Best Historic Sites in NJ

Historic Sites for History Lovers in NJ

American inventor and founding father, Benjamin Franklin once said: “New Jersey is a barrel that is tapped at both ends.” Of course Franklin was referring to the fact that New Jersey is situated between the two great cities of Philadelphia and New York. What many are unaware of is the rich historical legacy that New Jersey has. Whether you are a tourist or a resident, New Jersey has a number of museums, parks, and battlefields for history lovers to visit.

Monmouth Battlefield State Park

The entrance to Monmouth Battlefield Park

Source: Wikimedia Commons
Address: 16 Business Route 33, Manalapan, New Jersey 07726

The Monmouth Battlefield State Park is located within the heart of Monmouth County. You can walk the trails and take in views of the preserved eighteenth-century rural farmland or you can learn more about the Battle of Monmouth.

The Battle of Monmouth, which took place on June 28, 1778, was one of the largest battles of the Revolutionary War. The British command-in-chief of North America, General Sir Henry Clinton received orders to leave Philadelphia and to travel immediately to New York as the French had joined the war. The major battle began as George Washington and the Continental Army attacked the posterior of the British army column while they were en route to New York.

Even though the British had far more men, this was a risky endeavor and demonstrated the strength of the Continental Army. It is said that more men died at the battle from the heat (100 degrees Fahrenheit) than from the opposing armies. The American folkloric heroine, Molly Pitcher is often associated with this battle.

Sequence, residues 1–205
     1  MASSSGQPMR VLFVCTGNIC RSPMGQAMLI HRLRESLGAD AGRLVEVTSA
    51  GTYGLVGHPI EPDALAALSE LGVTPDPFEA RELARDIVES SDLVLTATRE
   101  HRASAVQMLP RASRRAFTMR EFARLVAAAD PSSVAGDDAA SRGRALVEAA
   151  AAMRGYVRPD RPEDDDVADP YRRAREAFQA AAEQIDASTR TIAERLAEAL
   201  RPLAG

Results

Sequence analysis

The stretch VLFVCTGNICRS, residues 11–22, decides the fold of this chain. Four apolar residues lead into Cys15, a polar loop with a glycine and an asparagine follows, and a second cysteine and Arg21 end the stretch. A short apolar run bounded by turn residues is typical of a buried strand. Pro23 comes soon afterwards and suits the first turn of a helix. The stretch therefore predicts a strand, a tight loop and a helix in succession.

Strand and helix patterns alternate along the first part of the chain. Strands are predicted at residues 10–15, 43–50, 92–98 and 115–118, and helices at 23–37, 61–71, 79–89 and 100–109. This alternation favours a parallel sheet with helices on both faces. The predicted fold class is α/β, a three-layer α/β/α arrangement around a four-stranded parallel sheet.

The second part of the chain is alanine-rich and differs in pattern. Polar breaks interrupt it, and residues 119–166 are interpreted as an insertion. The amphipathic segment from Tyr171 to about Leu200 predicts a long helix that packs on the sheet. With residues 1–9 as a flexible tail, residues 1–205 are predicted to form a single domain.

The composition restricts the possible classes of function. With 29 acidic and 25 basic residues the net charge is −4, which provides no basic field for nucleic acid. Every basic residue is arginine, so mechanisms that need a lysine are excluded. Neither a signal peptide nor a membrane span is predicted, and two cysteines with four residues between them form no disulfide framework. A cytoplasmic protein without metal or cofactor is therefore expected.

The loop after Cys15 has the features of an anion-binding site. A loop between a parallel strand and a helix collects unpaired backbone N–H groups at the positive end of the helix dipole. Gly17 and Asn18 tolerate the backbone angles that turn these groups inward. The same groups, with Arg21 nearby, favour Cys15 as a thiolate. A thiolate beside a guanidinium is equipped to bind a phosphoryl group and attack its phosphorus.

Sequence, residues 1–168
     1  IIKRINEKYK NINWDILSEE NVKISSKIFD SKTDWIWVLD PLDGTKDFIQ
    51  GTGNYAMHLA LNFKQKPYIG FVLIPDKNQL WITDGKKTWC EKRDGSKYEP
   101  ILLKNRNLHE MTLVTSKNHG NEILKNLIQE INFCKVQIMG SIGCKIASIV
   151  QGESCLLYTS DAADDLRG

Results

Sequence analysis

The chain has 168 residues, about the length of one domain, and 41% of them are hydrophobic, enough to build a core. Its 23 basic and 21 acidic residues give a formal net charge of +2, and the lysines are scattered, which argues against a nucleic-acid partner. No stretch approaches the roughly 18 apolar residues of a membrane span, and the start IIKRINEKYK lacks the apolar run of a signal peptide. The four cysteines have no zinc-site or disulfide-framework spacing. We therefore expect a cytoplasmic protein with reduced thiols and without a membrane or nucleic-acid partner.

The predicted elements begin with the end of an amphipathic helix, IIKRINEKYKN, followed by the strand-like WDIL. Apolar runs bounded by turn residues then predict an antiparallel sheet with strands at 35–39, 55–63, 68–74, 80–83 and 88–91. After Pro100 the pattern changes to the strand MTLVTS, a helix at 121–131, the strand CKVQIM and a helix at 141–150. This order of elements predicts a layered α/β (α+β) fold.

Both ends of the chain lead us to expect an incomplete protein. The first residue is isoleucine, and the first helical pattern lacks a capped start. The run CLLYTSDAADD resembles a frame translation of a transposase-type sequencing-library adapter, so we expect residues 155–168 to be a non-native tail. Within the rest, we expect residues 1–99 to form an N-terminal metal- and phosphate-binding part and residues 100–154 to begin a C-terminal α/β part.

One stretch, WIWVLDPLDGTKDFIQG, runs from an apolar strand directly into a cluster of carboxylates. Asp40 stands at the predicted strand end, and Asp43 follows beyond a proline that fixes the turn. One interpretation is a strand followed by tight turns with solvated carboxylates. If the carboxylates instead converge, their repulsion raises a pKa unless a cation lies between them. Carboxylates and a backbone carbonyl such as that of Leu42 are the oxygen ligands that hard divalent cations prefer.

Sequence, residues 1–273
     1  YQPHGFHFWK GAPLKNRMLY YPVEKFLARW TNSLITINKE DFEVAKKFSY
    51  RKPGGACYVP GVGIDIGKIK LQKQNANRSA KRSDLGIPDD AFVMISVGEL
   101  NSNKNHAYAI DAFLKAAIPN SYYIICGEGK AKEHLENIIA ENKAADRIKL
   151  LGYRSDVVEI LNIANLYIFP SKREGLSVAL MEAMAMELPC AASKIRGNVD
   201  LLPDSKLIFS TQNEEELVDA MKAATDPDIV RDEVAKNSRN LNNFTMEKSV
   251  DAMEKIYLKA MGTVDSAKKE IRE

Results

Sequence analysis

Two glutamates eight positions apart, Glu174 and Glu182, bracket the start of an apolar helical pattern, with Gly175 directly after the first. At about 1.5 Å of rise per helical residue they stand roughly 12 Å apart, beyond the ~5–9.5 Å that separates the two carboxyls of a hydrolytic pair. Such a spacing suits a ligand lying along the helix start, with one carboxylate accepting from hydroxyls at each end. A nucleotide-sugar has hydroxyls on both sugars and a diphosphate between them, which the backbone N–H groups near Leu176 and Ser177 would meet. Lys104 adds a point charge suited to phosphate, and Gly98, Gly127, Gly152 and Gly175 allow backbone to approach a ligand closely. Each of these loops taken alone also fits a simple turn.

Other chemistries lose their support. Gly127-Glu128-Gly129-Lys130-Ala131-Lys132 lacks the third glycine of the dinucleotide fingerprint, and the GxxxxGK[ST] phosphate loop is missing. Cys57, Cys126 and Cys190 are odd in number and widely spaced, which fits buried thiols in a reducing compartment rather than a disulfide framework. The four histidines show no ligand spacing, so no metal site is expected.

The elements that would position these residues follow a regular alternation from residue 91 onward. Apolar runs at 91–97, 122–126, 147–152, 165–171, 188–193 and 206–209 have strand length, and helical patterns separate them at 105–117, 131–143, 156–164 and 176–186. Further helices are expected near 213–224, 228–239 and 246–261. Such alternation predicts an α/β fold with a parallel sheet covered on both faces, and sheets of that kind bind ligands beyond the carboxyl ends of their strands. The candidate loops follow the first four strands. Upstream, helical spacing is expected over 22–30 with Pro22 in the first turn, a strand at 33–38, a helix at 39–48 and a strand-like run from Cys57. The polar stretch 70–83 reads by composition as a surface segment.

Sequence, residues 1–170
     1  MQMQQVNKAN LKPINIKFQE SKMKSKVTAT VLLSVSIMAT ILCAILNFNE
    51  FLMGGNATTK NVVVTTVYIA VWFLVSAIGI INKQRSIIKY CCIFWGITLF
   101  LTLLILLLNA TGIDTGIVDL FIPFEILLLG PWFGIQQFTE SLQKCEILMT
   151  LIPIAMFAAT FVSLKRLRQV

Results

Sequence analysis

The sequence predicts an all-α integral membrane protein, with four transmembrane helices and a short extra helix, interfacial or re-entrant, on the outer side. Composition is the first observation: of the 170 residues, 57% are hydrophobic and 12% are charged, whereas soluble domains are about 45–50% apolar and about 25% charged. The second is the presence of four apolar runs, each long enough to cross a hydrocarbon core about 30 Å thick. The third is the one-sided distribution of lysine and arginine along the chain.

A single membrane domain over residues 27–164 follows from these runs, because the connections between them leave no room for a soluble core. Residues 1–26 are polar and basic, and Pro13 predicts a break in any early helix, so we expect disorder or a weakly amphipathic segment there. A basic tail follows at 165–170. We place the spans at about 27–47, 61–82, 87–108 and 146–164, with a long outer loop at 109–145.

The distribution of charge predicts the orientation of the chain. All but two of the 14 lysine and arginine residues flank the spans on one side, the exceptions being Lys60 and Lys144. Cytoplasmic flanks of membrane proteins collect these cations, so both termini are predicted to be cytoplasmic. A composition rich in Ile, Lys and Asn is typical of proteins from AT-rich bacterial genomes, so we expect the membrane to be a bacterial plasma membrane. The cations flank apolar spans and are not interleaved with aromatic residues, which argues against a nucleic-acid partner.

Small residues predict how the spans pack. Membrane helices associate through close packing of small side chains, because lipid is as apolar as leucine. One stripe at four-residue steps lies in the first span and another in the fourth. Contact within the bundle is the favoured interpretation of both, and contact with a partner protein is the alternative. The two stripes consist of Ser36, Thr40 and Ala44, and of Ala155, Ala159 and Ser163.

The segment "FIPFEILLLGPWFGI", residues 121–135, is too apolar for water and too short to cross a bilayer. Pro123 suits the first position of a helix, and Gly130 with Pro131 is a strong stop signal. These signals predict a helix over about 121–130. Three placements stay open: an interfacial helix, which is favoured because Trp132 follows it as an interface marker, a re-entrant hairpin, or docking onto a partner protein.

The Historic Village at Allaire

A set of row houses at Allaire State Park.

Source: Wikimedia Commons
Address: 4265 Atlantic Avenue, Wall Township, New Jersey 07727

Also in Monmouth County is the Historic Village at Allaire, a living history museum, that takes you back to the early nineteenth-century. At Allaire Village, you can explore the many historically authentic homes and learn about the people who once lived there. There is a general store, a row house museum, a bakery, a manager’s house, a foreman’s cottage, Mr. Allaire’s big house, and an active blacksmith shop. In addition, there are numerous trails visitors can take.

Allaire Village volunteers reenact the daily life and events of the year 1836, when it was known as the Howell Iron Works. James P. Allaire, for whom the village is named, was a wealthy master mechanic, steam engine builder, and company owner who founded Howell Iron Works in 1822 after purchasing the land. Mr. Allaire would go on to employ over 400 workers and their families.

Thomas Edison National Historical Park

A side view of the Thomas Edison house in West Orange, NJ

Source: Wikimedia Commons
Address: 12 Honeysuckle Avenue, West Orange, New Jersey 07052

Did you know that Thomas Edison’s had a residence in Essex County? Edison, known as “America’s greatest inventor” and “the Wizard of Menlo Park”, was not only famous for his ingenious inventions but was known for his persistence in his projects. It is said that Edison had 1,093 patents in his name and is credited with inventing: the phonograph, the long-lasting electric light bulb, the battery for an electric car, and the motion picture camera. At the Thomas Edison Historical Park, you can step back into the late Victorian period and see the laboratory of one of the greatest minds to ever live. You can view not only his laboratory but his home, Glenmont, that he shared with his wife Mina and their children. This was also where he passed away on October 18, 1931.

Washington Crossing Park

The reenactment of George Washington crossing the Delaware.

Source: Joint Base McGuire-Dix-Lakehurst
Address: 355 Washington Crossing Pennington Road, Titusville, New Jersey 08560

Created in 1917, Washington Crossing State Park is located in northwestern Mercer County and boasts 500 acres and a number of restored buildings from the Colonial period. Every year, volunteers clad in Colonial attire of the Continental Army recreate the crossing of the Delaware.

Few American images are as iconic as that of George Washington crossing the Delaware on a dark winter night. It seemed like the Continental Army, which just faced a series of defeats, was on its last leg. Would it survive this war? In his darkest hour, Washington formulated an ingenious plan. After having retreated to Pennsylvania, Washington crossed the Delaware River with his men with the intention of recapturing Trenton and to attack the neighboring Hessian outposts.